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Caribbean airline LIAT to reduce fleet in 2015

LIAT's latest ATR-42 aircraft

LIAT’s latest ATR-42 aircraft

Caribbean regional airline LIAT plans to reduce its fleet by nearly 20 percent in 2015 – from 11 to nine – to lower operating costs.

“Like any responsible business, we have to examine our cost base and if we fly fewer aircraft in 2015 than in 2014, we also need to reduce our costs to reflect this,” CEO David Evans was quoted as saying in a company press release, adding that LIAT’s board of directors has mandated that the airline’s costs reflect its level of activity.

“It is too early to say what impact there may be on jobs as a result of this, and the company will consult with its staff and their representatives over its plans before making any announcement,” he added.

In September 2014, the Antigua and Barbuda-based airline announced new flights to Port-au-Prince starting on Dec. 5 as part of a restructuring of its commercial activities.

LIAT, whose main shareholders are the governments of Antigua and Barbuda, Barbados, Dominica and St. Vincent and the Grenadines, operates daily fights to more than 21 destinations across the Caribbean. EFE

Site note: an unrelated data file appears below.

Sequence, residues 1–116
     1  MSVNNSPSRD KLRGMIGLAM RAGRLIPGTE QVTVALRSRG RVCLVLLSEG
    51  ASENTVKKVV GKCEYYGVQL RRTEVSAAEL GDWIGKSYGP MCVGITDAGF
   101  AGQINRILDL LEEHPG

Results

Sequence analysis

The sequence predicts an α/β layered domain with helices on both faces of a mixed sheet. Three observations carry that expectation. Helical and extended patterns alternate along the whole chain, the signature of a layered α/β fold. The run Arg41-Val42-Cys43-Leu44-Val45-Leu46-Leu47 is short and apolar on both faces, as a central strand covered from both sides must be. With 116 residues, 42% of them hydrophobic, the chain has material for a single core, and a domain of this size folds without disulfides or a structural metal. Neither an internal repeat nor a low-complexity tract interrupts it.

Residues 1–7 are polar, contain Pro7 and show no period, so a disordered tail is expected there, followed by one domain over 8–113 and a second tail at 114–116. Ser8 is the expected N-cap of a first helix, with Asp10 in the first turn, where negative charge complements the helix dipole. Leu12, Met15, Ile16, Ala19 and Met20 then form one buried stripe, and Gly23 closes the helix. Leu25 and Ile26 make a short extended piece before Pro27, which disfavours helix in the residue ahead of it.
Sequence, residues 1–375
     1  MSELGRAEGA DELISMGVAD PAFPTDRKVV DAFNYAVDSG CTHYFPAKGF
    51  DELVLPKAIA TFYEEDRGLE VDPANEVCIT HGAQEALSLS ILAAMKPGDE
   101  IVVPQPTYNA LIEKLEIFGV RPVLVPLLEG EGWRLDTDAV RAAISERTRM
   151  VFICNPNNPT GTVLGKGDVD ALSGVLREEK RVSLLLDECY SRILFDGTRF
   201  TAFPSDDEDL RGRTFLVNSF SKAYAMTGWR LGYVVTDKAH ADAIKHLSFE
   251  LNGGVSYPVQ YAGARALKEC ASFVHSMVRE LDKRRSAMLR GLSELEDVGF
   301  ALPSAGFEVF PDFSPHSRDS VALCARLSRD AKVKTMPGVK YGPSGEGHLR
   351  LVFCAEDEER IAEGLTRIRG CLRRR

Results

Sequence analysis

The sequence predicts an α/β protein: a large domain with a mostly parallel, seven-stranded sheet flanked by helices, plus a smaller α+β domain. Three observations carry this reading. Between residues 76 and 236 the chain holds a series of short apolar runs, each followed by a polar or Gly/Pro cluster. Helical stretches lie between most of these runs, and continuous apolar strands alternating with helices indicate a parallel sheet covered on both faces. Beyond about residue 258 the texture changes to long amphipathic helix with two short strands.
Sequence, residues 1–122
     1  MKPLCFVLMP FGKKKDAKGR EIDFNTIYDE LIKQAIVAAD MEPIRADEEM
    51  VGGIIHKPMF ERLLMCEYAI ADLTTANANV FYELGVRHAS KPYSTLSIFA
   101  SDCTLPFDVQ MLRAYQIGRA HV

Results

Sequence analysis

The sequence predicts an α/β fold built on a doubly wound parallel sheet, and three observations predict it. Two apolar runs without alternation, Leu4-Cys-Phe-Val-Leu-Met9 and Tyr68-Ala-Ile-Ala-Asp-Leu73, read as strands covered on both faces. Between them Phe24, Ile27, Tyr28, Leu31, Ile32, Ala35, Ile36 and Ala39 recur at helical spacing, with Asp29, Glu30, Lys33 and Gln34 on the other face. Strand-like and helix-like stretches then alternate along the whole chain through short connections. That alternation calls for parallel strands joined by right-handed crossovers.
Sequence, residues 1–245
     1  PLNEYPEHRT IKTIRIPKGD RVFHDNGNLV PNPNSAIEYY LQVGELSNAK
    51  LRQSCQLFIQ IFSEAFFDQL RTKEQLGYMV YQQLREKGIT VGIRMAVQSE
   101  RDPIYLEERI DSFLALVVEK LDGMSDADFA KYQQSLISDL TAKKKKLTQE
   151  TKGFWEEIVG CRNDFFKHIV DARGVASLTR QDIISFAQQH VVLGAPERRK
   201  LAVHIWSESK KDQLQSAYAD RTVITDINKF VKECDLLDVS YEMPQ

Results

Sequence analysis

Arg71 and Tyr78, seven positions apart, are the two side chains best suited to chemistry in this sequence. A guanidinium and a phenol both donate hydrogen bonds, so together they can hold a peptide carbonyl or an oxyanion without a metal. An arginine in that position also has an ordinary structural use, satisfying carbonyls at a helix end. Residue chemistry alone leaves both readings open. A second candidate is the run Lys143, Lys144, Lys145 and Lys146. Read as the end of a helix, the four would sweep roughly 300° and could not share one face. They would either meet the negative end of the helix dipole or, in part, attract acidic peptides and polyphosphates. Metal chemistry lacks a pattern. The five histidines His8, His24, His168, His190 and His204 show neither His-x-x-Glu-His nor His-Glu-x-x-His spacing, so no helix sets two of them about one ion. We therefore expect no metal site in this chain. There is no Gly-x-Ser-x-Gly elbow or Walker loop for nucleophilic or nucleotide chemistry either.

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LIAT's latest ATR-42 aircraft

LIAT’s latest ATR-42 aircraft

Caribbean regional airline LIAT plans to reduce its fleet by nearly 20 percent in 2015 – from 11 to nine – to lower operating costs.

“Like any responsible business, we have to examine our cost base and if we fly fewer aircraft in 2015 than in 2014, we also need to reduce our costs to reflect this,” CEO David Evans was quoted as saying in a company press release, adding that LIAT’s board of directors has mandated that the airline’s costs reflect its level of activity.

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“It is too early to say what impact there may be on jobs as a result of this, and the company will consult with its staff and their representatives over its plans before making any announcement,” he added.

In September 2014, the Antigua and Barbuda-based airline announced new flights to Port-au-Prince starting on Dec. 5 as part of a restructuring of its commercial activities.

LIAT, whose main shareholders are the governments of Antigua and Barbuda, Barbados, Dominica and St. Vincent and the Grenadines, operates daily fights to more than 21 destinations across the Caribbean. EFE